n. A car or other vehicle rigged to act as a bomb.
By late morning, as the temperature soared above 100 degrees, members of the Army's 5th Battalion, 20th Infantry Regiment, paused in a small, stuffy house. An airstrike had been called in to destroy a suspected car bomb in their path. The home's residents waited anxiously under U.S. guard.

A thunderous explosion rocked the house.

"That was the VBIED," said Spc. Chris Martin, 23, using the military abbreviation for a car bomb.
—Alexandra Zavis, “New offensive against insurgents,” Los Angeles Times, June 20, 2007
Across the river in the predominantly Sunni district along Haifa Street, Col. Bryan Roberts, commander of the 1st Cavalry Division's 2nd Brigade, said an increase in vehicle bombs had led him to introduce a plan to barricade five markets in the district. "My biggest concerns security-wise are the current attack methods, the VBIEDs, suicide vests," he said. …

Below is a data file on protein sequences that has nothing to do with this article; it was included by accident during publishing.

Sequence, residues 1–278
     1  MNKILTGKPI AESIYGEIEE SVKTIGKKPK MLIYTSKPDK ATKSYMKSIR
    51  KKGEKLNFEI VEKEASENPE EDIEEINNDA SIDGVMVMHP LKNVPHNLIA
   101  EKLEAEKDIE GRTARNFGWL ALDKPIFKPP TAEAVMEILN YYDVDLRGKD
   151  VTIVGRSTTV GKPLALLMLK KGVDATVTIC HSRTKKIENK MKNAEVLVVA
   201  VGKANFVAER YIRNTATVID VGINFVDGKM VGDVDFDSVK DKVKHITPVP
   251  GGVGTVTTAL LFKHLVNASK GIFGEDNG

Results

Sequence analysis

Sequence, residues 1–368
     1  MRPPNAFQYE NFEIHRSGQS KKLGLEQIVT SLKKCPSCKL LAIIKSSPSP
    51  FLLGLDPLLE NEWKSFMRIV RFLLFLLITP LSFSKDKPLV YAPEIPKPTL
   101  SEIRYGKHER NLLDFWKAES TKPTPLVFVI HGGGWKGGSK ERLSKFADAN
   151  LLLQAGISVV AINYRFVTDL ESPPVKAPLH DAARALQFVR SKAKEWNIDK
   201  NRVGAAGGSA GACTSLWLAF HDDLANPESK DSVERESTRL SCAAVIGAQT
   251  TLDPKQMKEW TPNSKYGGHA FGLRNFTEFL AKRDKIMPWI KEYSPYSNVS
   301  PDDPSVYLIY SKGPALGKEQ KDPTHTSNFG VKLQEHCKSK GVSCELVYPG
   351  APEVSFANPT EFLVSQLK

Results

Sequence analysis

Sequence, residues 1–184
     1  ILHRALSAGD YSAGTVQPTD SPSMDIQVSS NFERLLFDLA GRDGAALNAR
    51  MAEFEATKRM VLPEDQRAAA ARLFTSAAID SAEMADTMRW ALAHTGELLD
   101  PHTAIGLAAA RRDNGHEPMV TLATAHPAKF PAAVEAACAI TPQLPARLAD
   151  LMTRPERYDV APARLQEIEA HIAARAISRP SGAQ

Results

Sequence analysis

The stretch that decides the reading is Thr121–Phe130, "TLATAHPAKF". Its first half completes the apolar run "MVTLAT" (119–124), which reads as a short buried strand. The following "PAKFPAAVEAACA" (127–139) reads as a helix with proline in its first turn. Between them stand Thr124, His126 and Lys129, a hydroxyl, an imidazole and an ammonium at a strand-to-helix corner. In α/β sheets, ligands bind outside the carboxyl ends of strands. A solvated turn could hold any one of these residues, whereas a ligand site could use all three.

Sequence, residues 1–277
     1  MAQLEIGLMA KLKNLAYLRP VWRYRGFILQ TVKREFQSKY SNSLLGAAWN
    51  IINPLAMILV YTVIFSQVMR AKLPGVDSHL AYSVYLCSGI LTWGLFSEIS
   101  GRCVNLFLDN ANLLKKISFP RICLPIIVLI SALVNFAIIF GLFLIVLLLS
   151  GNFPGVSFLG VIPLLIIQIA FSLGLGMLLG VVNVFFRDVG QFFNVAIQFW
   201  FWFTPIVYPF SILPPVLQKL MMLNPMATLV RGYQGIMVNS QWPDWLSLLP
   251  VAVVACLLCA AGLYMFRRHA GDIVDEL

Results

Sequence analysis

The government should take measures "at the national level to help the poor guy in the end zone who's trying to stop VBIEDs," Bannister said.
—Ann Scott Tyson, “The Two Sides of Baghdad Barriers,” The Washington Post, April 30, 2007
2003 (earliest)
Regardless of what form the attack takes, be it a vehicle-borne improvised explosive device (VBIED) detonated in a suicide attack or a direct assault against a "soft" target carried out by a small team armed with automatic weapons and hand grenades, there will be some attack-related activity in and around the target prior to the actual launching of the attack. …
An analysis of the 1998 attacks on the U.S. Embassies in Nairobi, Kenya and Dar Es Salaam, Tanzania shows that the weapon of choice was a VBIED.
—Joseph Autera, “Before It Makes the Headlines; Effective Threat Detection Strategies and Tactics,” The Journal of Counterterrorism & Homeland Security International, June 21, 2003